Maui News

Amid Coronavirus Concerns, Schatz Bill Seeks to Quickly Fund Response to Public Health Emergencies

February 15, 2020, 12:01 PM HST
* Updated February 15, 7:54 AM
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In response to the growing global threat of Coronavirus, US Senator Brian Schatz of Hawai‘i reintroduced the Public Health Emergency Response and Accountability Act (S. 3309).

The bipartisan legislation seeks to create a permanent funding mechanism to ensure quick and effective responses to future public health emergencies.

Currently, Sen. Schatz said health officials must wait for Congress to grant permission to shift existing appropriated funds or allocate new funds to respond.  He said the legislation would immediately give federal agencies the resources they need, allowing government to tackle new threats in a more efficient and timely manner.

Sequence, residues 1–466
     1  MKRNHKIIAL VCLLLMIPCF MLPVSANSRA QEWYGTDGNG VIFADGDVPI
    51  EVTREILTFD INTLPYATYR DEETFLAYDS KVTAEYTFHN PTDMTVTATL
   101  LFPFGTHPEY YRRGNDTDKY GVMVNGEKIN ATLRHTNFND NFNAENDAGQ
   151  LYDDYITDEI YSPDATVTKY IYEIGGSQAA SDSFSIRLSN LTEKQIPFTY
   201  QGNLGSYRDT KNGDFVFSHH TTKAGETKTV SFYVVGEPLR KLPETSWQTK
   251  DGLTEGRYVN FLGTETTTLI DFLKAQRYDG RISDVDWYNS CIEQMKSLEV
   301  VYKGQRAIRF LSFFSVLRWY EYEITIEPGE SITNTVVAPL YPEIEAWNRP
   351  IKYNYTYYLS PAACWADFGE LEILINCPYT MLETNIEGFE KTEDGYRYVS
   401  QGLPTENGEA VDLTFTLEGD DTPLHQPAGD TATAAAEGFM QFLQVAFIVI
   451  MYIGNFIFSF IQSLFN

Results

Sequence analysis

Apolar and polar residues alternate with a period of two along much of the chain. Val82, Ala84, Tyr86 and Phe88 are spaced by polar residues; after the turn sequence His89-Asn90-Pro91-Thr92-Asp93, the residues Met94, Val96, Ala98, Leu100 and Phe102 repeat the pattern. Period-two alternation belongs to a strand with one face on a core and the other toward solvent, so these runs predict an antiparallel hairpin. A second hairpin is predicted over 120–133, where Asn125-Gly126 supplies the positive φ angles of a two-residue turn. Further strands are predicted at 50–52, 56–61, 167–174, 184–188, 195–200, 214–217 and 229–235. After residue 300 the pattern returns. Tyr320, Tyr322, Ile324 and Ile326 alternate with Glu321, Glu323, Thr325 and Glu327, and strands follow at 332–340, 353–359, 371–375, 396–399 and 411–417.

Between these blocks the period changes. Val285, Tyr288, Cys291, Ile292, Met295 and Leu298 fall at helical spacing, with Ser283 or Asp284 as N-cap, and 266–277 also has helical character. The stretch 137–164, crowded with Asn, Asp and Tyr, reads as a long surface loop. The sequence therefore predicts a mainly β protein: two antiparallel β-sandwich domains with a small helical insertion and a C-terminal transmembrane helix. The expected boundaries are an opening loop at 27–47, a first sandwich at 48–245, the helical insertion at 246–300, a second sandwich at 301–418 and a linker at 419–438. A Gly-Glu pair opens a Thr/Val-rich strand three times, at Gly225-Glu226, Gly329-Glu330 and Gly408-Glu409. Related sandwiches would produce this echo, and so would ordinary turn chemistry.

“This legislation is critical to saving lives and will allow us to tackle new threats in a more efficient and timely way,” said Sen. Schatz.

According to Sen. Schatz, the Public Health Emergency Response and Accountability Act would immediately give federal agencies the resources they need to stop the spread of infectious diseases and protect the public.

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Meantime, Health Director Bruce Anderson said he believes the state has the resources necessary to deal with the current situation.

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“If things change dramatically, and we start seeing hundreds of cases, that may change,” he said, “But the division of outbreak and disease control is well staffed with expert epidemiologists, and I believe we are in a good position to chase down contacts.  Our laboratory is one of the best in the Pacific area, so they are able to run the PCR test that we will be receiving, and there isn’t any additional cost associated with that at this point in time.”

“As it is, I think we are in a good position to respond, and if we do need additional funds, those are also available,” said Anderson during a press conference on Friday in which department officials announced that a man from Japan who was on Maui and Oʻahu in Hawaiʻi recently, is among of the newly confirmed cases of individuals who have tested positive for the COVID-19 novel Coronavirus.

PC: file photo courtesy office of US Sen. Brian Schatz.

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